I studied; I practiced, and I rocked the final. Then I stopped studying and practicing, and started watching theater of the macabre—the Casey Anthony trial. Read the rest here>>>>http://thedailydefacto.com/2011/08/21/failed_californis_baby_bar/
I thought I'd share this from the Concord Connector:
Concord Celebrates 16th Graduation Ceremony
The Skirball Cultural Center has been the venue for all but the first two Concord graduation ceremonies. On Saturday, July 30th, the Concord community celebrated its 16th ceremony there on a lovely southern California day. Faculty, friends and family cheered as 24 of the 31 JD graduates and nearly half of the EJD graduating class crossed the stage to receive their diplomas from Dean Stephen Burnett. The graduates were then hooded by Associate Deans Cassandra Colchagoff and Greg Brandes. In total, 62 degrees were awarded to the summer 2011 graduating class.
David Yellen, dean and professor of law at Loyola University Chicago School of Law, delivered the keynote speech. Under his stewardship, Loyola has partnered with Concord to use Concord's proprietary learning management system and expertise to put Loyola LLM and Master of Jurisprudence degree programs online. In his remarks, he noted the growing trend in online education adding that many schools now want to copy the kind of partnership Loyola and Concord have forged.
Dean Yellen, a member of the ABA Standards Review Committee, also talked about legal education generally. With a nod toward today's more regulated economy and the need for legal training within various industries, he added, "You will see a lot of reason for Concord's existence in the future, and what Concord has offered you will become more important as time goes on."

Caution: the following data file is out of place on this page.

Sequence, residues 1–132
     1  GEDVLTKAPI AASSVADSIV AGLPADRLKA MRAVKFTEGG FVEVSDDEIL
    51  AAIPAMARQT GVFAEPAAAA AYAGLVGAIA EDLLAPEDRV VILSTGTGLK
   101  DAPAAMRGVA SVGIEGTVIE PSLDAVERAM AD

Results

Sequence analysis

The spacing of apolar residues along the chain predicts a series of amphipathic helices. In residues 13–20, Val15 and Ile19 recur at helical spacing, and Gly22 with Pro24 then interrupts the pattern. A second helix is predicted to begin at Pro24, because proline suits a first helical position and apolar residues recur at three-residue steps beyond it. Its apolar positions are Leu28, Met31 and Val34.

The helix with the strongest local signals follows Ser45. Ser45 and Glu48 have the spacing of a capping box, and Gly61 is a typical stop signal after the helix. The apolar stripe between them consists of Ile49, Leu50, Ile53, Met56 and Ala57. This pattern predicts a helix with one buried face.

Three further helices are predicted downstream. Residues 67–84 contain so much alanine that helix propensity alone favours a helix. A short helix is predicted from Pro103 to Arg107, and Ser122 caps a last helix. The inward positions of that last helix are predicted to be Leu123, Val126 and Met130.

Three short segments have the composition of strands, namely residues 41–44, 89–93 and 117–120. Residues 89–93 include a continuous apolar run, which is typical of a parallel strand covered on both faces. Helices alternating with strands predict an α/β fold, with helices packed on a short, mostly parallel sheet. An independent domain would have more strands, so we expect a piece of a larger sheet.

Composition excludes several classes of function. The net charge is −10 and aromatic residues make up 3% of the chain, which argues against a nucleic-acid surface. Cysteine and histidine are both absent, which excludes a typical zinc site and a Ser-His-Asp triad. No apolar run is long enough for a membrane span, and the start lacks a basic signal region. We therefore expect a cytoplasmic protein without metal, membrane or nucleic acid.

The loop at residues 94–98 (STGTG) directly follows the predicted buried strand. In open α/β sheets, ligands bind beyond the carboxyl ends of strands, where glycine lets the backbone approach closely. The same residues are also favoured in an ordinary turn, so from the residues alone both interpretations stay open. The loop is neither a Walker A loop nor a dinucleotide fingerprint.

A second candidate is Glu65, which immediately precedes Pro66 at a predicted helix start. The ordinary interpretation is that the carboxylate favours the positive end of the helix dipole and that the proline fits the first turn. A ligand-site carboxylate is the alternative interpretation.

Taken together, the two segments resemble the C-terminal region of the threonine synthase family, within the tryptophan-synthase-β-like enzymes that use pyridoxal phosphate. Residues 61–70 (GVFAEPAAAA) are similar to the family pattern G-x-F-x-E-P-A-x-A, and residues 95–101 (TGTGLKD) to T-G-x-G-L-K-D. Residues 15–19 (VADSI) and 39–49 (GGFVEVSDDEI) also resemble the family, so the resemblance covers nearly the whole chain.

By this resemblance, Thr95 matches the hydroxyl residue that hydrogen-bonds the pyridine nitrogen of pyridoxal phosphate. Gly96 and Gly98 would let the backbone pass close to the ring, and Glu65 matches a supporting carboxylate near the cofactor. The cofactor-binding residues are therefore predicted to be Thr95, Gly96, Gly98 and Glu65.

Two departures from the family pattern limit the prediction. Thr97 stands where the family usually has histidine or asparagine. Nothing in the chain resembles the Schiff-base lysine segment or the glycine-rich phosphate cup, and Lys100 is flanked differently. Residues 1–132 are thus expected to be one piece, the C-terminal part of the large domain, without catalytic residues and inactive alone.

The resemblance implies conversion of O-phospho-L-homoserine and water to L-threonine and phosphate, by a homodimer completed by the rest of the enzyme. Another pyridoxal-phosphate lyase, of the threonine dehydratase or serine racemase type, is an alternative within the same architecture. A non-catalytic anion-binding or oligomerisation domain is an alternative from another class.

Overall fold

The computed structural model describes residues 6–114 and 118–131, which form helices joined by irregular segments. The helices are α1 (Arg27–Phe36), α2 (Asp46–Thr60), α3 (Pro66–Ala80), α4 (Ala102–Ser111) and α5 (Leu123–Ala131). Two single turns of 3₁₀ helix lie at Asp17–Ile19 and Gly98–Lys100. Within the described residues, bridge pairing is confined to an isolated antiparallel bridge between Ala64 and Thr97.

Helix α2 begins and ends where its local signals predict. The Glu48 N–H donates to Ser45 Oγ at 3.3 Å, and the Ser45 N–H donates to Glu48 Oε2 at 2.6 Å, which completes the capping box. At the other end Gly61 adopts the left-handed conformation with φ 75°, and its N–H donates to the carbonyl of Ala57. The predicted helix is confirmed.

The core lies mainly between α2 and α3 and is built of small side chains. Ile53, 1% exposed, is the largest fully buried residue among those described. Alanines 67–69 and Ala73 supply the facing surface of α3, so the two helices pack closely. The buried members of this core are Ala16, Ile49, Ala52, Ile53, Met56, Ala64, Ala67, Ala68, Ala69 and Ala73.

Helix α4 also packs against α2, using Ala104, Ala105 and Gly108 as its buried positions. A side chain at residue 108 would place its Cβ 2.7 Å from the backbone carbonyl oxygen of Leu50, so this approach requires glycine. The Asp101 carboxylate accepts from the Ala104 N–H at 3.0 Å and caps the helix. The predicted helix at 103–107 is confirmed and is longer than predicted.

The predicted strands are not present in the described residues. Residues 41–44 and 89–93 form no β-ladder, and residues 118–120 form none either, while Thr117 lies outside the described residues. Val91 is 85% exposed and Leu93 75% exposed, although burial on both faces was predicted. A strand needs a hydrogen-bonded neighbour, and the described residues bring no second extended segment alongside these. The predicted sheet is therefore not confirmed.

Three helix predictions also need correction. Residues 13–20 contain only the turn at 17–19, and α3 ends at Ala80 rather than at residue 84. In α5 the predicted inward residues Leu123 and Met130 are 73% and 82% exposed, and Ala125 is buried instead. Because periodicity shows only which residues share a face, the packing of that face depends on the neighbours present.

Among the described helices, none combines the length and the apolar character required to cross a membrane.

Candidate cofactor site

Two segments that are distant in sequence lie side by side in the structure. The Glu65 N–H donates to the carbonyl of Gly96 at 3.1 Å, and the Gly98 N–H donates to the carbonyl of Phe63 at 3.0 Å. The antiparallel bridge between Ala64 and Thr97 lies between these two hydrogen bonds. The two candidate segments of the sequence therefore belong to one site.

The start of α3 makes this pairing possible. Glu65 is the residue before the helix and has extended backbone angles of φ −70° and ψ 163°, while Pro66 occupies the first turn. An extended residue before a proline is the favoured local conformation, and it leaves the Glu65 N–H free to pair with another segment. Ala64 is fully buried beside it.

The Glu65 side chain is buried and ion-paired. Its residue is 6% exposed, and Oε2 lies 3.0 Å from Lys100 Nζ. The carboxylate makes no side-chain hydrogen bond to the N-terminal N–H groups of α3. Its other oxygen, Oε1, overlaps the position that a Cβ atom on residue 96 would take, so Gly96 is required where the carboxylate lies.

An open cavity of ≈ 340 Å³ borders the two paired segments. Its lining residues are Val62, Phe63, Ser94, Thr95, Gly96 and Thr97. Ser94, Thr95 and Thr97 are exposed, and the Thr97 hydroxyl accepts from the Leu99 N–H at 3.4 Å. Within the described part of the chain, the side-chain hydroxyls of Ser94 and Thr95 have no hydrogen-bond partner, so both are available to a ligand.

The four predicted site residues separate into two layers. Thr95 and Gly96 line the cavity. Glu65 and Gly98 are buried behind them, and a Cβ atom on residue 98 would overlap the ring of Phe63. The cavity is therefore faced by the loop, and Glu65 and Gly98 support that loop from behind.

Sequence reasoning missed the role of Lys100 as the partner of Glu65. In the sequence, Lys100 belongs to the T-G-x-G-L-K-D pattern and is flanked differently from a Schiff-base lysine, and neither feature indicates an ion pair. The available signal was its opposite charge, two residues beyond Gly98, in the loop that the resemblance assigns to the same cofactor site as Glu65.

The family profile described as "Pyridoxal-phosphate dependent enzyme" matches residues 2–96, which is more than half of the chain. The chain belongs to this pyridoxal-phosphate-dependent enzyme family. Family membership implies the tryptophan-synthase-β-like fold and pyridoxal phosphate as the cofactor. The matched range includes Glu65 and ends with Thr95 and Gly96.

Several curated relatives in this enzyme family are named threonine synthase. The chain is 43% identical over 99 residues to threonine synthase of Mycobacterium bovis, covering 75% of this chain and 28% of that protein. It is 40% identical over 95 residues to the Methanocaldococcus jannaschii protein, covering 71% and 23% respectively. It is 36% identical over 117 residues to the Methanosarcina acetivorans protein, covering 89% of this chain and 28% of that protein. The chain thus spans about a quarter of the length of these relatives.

After the graduates received their diplomas with many rounds of applause, awards were presented in recognition of service to the legal community, contribution to the law school, and academic excellence:
Professor Robert Barrett presented the Kaplan Legal Service award to: Marie Wolf.
Dean Martha Siegel presented the ALI-ABA award to: Natalie Moores.
Dean Bracci presented the Sue Lane Award (named after Concord's first registrar whose strong work ethic, compassionate nature, and service to the community are the basis for this award) to: Kathryn Hawkes.
Dean Stacey Sharp presented the EJD Award for Academic Excellence to: Shy Shorer.
Dean Greg Brandes presented the Jack Goetz Award (for highest GPA in JD class) to: Kelly Roe.
Congratulations to the summer 2011 class!
Watch the video at http://graduation.kaplanlawcenter.com, Summer 2011.
I certainly hope Congress and the public keeps the pressure on the ABA. The ABA is no longer relevant, and people's fortunes should not rise and fall based on some uber-academic social club.
ABA's stance on law school accreditation transparency fails to satisfy senator http://www.law.com/jsp/nlj/PubArticleNLJ.jsp?id=1202510863436&ABAs_stance_on_law_school_acc reditation_transparency_fails _to_satisfy_senator_